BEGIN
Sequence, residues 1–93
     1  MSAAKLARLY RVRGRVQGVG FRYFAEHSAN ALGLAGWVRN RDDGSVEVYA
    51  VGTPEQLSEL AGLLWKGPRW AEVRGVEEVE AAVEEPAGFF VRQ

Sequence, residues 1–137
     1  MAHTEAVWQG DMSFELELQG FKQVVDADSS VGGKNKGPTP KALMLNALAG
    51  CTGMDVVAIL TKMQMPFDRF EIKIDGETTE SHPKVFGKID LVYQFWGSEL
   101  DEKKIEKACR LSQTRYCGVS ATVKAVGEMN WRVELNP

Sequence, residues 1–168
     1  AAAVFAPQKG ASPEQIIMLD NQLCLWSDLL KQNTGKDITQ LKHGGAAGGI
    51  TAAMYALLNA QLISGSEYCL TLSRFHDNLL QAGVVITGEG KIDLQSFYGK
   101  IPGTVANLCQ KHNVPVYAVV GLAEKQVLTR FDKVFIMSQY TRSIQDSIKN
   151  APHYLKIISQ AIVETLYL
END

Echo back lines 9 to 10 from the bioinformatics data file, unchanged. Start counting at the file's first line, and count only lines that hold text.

     1  AAAVFAPQKG ASPEQIIMLD NQLCLWSDLL KQNTGKDITQ LKHGGAAGGI
    51  TAAMYALLNA QLISGSEYCL TLSRFHDNLL QAGVVITGEG KIDLQSFYGK